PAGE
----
kinder, gentler death
need better education and patients need better care around end-of-life
issues. Fred Meyers has made it his job to provide both.
not afraid of death; I just don't want to be there
when it happens." - Woody Allen
pretty much sums up the national dichotomy on shuffling off this
mortal coil. Death is a squeamish subject, even for physicians.
But as we all eventually leave this world, isn't it worth the effort
to make the experience less painful, less scary, and more humane?
thinks so. As chair of the Department of Internal Medicine and director
of the West Coast Center for Palliative Education, he has devoted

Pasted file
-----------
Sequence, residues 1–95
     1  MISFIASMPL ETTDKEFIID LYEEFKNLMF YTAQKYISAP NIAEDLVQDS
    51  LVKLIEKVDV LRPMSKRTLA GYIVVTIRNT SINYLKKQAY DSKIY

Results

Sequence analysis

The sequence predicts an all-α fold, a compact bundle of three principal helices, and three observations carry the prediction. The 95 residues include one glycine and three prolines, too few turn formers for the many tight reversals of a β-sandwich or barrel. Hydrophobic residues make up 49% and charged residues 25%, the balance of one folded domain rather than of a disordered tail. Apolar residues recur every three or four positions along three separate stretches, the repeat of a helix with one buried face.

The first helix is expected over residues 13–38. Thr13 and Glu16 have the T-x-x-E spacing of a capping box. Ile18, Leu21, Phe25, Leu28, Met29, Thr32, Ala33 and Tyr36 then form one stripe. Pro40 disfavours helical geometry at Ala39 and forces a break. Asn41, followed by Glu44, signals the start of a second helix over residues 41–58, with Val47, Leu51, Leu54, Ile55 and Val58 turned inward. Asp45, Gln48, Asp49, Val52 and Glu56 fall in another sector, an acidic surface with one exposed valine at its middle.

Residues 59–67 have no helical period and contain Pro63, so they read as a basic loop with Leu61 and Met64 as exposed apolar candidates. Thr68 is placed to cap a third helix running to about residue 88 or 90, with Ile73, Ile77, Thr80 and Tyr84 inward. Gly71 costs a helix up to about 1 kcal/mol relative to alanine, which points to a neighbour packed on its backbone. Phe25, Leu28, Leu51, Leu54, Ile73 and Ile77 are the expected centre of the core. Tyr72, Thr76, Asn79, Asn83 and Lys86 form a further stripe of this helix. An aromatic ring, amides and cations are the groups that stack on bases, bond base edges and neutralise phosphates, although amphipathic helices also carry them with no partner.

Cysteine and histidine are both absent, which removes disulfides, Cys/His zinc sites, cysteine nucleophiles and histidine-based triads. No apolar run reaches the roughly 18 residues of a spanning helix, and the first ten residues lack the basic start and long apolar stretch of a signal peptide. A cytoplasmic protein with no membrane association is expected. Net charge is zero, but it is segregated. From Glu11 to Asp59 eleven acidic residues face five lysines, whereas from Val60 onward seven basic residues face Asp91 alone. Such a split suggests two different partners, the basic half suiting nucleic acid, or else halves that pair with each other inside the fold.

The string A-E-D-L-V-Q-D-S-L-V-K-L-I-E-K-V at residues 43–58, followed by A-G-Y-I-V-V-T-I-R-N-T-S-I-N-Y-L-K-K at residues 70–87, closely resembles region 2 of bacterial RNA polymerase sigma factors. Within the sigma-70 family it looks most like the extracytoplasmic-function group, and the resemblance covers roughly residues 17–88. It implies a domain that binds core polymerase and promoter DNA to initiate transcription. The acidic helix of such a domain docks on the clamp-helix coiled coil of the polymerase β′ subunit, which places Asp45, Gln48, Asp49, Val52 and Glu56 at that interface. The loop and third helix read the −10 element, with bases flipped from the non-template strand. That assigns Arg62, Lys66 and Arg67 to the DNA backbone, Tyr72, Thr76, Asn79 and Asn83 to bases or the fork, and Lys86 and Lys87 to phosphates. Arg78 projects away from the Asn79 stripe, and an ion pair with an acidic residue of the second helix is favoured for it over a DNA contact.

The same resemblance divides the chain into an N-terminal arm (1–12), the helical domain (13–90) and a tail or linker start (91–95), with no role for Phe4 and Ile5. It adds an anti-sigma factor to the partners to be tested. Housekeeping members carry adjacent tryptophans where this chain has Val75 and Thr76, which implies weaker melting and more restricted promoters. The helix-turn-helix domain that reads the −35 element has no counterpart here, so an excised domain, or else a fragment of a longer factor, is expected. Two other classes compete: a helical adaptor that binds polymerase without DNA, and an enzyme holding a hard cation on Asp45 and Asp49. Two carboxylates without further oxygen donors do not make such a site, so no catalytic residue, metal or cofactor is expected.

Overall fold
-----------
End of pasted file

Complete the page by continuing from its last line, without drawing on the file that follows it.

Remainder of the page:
his life to treating seriously ill patients. Taking care of the
dying goes with the territory.
care hasn't gotten a lot of attention from academic medical centers,
although that's changing," says Meyers, who has directed the
medical center's hospice program since 1986. "In general, physicians
have not done palliative care well. They reflect society's discomfort
with death. Death is somehow a failure."
of expertise is not merely the technical details of providing medical
care for the terminally ill. His goal is to train healthcare professionals
in improving end-of-life care and to initiate changes in the systems
and organizations that provide this care.
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In Translation |
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